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Mountain Culture Characters
Dr. Orville Boyd Jenkins
A review of the book by Adriana Trigiani
Home to Big Stone Gap (Westminster, Maryland:  Random House/Recorded Books, 2007.  Audiobook)

Original Print Version of this Audiobook

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This is a lazy and tedious story described by the jacket notes as “this exquisite novel.”  This 9.5 hour recitation could have been about 8 hours shorter.  I told my wife, as we listened to it in the car on a cross-country trip, I could easily prepare the Reader’s Digest version of this.

I don’t recommend listening to this while you are driving alone on the freeway.  This narrative, read in a lazy monotonous voice, is set in an Appalachian mountain community and deals with the personalities characteristic of a small town being forced to face the broader culture of the United States.

The intent of the author is to portray the deep cultural traits of this unique community.  It was not as successful as ethnographies of the region I have studied.  There are funny events and situations, so the experience was not a total loss.  A strong sub-plot is the local drama troupe, who have decided to present a production of a Rogers and Hammerstein classic.  Actually, the characters demonstrate a bit of charm along the way, and the story begins to gather some interest.

The narrating character, local business owner Ave Maria Mulligan MacChesney, is the producer of this misfit and miscast group of would-be stage stars.  Ave Maria is an interesting, sometime engaging, local inhabitant who provides insights into local history and culture and the personalities she encounters in her daily schedule.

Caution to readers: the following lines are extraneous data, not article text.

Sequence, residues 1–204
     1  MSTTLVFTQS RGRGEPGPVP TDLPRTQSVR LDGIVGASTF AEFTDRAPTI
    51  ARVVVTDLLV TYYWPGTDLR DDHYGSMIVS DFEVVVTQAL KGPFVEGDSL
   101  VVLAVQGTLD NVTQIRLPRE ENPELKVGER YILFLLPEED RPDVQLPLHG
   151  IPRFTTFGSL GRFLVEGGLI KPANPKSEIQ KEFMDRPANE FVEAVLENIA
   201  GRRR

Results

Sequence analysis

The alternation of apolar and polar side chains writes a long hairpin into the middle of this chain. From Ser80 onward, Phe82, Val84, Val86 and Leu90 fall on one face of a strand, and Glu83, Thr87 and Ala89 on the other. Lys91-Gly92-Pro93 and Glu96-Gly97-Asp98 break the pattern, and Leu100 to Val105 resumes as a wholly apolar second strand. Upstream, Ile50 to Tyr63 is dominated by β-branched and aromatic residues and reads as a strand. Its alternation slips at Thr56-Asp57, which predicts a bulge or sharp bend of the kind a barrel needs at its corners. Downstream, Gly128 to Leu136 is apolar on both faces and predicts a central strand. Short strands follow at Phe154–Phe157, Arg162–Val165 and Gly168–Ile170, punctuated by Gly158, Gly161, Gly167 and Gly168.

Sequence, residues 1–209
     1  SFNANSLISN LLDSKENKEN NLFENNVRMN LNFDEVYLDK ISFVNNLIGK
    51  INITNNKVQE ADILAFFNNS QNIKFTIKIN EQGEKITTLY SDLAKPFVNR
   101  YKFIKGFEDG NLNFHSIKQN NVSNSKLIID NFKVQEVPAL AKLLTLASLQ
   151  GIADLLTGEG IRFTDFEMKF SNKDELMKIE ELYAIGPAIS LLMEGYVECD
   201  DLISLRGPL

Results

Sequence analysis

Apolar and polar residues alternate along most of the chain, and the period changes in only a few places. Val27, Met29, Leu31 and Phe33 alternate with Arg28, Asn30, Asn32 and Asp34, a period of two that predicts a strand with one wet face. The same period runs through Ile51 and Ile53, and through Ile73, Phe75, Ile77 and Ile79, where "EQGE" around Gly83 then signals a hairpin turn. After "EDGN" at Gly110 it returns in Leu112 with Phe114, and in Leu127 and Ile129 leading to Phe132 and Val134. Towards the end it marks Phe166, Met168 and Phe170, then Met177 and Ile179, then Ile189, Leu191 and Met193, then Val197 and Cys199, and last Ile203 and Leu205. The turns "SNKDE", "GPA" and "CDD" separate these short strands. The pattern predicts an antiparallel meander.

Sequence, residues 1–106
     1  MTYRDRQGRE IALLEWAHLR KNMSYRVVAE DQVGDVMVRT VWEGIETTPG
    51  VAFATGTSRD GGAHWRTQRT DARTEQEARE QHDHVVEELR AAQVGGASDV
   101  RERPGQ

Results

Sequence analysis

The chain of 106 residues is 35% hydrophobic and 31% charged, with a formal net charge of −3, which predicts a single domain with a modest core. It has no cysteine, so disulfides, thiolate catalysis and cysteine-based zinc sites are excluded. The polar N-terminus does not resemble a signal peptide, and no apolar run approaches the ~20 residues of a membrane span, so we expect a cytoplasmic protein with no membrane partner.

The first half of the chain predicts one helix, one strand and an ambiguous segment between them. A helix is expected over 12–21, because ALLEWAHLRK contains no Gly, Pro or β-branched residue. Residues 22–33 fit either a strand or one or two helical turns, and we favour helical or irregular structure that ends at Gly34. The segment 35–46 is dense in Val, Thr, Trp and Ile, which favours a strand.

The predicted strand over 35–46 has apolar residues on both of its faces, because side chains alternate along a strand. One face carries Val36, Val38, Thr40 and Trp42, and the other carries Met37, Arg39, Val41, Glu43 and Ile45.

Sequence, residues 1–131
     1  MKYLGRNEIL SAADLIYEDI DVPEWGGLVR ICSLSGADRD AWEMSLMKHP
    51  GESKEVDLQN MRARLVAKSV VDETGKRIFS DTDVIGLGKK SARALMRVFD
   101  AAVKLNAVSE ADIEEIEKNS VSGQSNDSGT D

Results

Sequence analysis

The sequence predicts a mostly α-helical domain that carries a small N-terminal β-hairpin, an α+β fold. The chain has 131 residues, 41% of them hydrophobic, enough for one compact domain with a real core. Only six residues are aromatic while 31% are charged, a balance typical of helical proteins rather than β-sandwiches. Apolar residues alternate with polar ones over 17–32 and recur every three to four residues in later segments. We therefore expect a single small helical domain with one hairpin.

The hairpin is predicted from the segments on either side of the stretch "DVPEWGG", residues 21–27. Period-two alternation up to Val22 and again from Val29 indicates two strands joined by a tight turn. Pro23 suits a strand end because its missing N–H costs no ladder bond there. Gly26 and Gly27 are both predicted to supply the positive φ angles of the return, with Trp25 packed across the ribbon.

Ave Maria is also involved in a local controversy over industry versus conservation.  As the story develops she and her husband find themselves on opposite sides of this growing tussle.

The community theatre group's holiday production brings home an old school chum.  One of the few mountain personalities that has made it big in the outside world, he flies in from Hollywood to direct the play.  The theatre side-story includes sometimes-interesting reminiscences of the old childhood friends involved in this community affair.

Cooks will perhaps be interested in the interminable recitation of recipes.  At least one dish of every event and meal is described, the ingredients of the recipe read.  This procedure is apparently meant to add additional local cultural flavour, since the recipes are items based on the local café.

These family recipes served up at the café are apparently considered unrepeatable elsewhere, and are a local institution.  I had trouble staying awake for these boring recitations of ingredients, which sounded pretty much like any other recipe for similar dishes.

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First review notes written 22 May 2010
Review developed 2 June 2010
Final Review posted on Thoughts and Resources and Amazon 30 June 2010

Orville Boyd Jenkins, EdD, PhD
Copyright © 2010 Orville Boyd Jenkins
Permission granted for free download and transmission for personal or educational use.  Other rights reserved.

Email:  orville@jenkins.nu
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